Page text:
Counting Collections Extension

Today in 1st grade, we did a counting collections activity. One thing I am thinking about as I see this activity happening in K-2 classrooms, is the extension. While choosing questions for students who are struggling is difficult, choosing questions for those who are finished quickly, and correctly, I find just as difficult. What questions can we ask those students who organize, count and can explain their count perfectly?

I have been toying around with this idea for a bit. I have thought about asking them to combine collections, ask how many more they would need to get to another number or mentally adding tens and hundreds to their count.

Today, I tried asking a student how many more to get to another number. It was pretty cool and led to some more ideas. He and his partner ended with 292. I asked how many more to get to 300? 8. 350? 58. He could explain using the 8 to get to 300 and how to move forward from there. Because of other groups I wanted to chat with, I left him with 500, 652, 1,000, and 1,250. He came back with the answers, but no explanation and said, “I don’t feel like writing all of that out.” I asked him to explain how he got to 500 and I would record the equation for it. He said he added 8 to get to 300 and then 200 more to get to 500, so 208. He was shocked to see it as an equation because he thought I meant to explain it all out in words. I asked him to try the next one and he started with adding 10. He said he wanted to keep the 2 ones to make it easier, awesome. When he said that, I had another idea to have students think about what place values are changing as they add to a certain number. I want to ask him why he ended with 8 ones on three of them but zero ones in another?

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I know I have seen tons of people on Twitter using counting collections and would love to hear of other ways we could extend this activity in the comments!

2 thoughts on “Counting Collections Extension

  1. Elham

    Hi — we’ve tried similar extension — how far away is your collection from ….
    Other extensions:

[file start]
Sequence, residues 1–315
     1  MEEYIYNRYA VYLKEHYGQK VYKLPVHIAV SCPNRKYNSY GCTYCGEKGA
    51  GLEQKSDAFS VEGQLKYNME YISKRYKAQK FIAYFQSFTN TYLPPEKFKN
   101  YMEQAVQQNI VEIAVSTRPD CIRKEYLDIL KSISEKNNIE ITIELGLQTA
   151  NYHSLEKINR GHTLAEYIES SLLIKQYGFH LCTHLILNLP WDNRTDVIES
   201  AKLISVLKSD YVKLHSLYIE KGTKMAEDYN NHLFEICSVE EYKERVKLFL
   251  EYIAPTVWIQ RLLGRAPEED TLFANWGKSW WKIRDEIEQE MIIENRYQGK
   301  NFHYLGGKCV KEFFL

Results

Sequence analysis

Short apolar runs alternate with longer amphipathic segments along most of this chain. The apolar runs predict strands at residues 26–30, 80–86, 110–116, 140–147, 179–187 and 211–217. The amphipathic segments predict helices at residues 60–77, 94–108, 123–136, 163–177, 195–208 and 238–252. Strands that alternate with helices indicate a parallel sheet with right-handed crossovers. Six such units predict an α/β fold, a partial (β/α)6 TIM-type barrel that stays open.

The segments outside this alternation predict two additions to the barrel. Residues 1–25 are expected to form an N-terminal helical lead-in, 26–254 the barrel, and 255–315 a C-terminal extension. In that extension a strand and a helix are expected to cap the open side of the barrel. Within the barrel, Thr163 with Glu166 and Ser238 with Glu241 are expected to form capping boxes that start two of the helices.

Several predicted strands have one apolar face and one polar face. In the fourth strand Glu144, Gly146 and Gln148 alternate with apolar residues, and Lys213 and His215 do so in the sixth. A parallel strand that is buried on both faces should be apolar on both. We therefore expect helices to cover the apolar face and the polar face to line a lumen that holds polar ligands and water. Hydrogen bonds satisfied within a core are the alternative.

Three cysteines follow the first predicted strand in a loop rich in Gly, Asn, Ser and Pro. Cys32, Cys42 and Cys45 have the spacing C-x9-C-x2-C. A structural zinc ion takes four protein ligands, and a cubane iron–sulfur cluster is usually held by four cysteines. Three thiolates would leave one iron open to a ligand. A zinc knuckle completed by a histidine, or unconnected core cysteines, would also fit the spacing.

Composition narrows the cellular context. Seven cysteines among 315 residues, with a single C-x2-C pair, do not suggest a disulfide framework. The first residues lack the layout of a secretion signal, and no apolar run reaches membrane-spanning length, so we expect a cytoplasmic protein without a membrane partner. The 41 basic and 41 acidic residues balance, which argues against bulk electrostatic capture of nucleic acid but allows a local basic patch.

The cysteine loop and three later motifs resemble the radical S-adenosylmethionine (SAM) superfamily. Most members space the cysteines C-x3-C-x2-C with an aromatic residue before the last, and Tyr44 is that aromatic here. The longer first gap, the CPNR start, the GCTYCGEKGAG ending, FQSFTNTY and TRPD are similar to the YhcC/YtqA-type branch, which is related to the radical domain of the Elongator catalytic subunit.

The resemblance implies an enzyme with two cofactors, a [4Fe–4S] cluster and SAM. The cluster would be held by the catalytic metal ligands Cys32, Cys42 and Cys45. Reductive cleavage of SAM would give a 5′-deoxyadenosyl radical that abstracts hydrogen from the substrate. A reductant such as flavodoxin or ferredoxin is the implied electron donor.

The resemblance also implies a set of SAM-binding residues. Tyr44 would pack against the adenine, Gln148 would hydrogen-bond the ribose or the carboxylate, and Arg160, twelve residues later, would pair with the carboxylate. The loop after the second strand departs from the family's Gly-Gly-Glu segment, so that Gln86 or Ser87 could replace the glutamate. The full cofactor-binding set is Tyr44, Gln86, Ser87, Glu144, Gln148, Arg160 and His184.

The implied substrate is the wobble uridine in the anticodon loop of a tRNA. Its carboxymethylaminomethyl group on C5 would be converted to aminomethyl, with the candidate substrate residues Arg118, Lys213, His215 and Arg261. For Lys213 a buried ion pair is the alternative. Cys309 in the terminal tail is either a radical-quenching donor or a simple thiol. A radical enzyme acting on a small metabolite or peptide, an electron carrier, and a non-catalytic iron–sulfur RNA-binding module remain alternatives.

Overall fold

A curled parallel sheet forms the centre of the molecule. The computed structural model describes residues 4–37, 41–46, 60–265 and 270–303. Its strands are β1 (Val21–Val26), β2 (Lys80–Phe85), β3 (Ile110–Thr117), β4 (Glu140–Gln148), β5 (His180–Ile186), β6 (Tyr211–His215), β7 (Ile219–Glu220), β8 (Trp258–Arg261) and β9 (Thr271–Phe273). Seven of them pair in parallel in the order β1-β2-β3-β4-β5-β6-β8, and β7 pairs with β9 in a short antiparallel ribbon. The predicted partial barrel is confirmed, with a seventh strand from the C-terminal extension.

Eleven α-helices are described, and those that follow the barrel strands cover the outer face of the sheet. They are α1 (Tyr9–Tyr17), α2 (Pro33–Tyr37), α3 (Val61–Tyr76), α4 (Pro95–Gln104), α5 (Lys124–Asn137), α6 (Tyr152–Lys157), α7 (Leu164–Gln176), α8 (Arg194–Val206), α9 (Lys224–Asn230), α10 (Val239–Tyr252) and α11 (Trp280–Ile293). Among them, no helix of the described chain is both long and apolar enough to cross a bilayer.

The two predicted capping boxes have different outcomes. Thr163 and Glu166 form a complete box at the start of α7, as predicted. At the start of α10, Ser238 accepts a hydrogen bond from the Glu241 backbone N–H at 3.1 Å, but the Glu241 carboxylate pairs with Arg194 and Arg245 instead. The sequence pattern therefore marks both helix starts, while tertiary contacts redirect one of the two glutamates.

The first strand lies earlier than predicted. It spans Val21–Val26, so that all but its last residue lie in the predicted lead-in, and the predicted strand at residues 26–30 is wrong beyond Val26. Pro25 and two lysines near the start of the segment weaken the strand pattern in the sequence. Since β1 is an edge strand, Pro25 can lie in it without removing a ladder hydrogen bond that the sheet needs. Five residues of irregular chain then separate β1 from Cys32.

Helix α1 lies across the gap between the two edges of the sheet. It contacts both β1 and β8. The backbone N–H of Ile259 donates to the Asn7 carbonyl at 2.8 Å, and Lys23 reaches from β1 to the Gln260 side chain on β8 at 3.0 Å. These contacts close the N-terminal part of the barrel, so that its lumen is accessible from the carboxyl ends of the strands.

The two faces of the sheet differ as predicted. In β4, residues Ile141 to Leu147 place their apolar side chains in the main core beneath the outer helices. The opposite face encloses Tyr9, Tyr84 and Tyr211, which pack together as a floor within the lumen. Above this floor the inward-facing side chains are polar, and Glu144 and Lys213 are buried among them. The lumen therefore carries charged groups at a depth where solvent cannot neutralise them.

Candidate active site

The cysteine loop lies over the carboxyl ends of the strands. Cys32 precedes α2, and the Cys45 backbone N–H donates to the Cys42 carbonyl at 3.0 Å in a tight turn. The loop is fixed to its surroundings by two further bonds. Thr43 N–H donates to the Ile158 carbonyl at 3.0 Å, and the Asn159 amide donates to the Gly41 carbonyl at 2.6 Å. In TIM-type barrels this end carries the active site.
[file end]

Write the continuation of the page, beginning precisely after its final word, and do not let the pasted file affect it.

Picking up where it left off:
1. try counting your collection in a different way
    2. how could you arrange your groups to make the counting easier (this gives students to explore structuring their groups in arrays).
    3. can you sort your collection and think about the raw data that you could produce: 76 red beads, 25 orange, 14 blue. What kinds of problems could you create ((but this extension goes far afield from counting collections))
    4. get a new collection — try new ways of counting your collection.
    5. comparing collections — how many more in yours than in your pairs.
    6. what are different ways of notating how you counted your collection (diagram, expressions)


  2. Tara

    I love seeing how kids as young as first grade can handle multi-digit computation! We have multi-age classrooms and do a lot of counting collections. I find that kids who are good at counting and organizing collections like the one you described above do very well with counting more challenging collections. I like to have them count the legs on the tables and chairs in the room, or the books in the classroom or all of the writing utensils. They can’t move and touch each of these items because some of them are being used and some of them would require a great deal of work to move and organize. This leads kids to having to count parts of collections and then put them together which leads to some great addition problems and compare problems.

    I have been thinking about counting backwards and how to include this in counting collections as well and would love some ideas!



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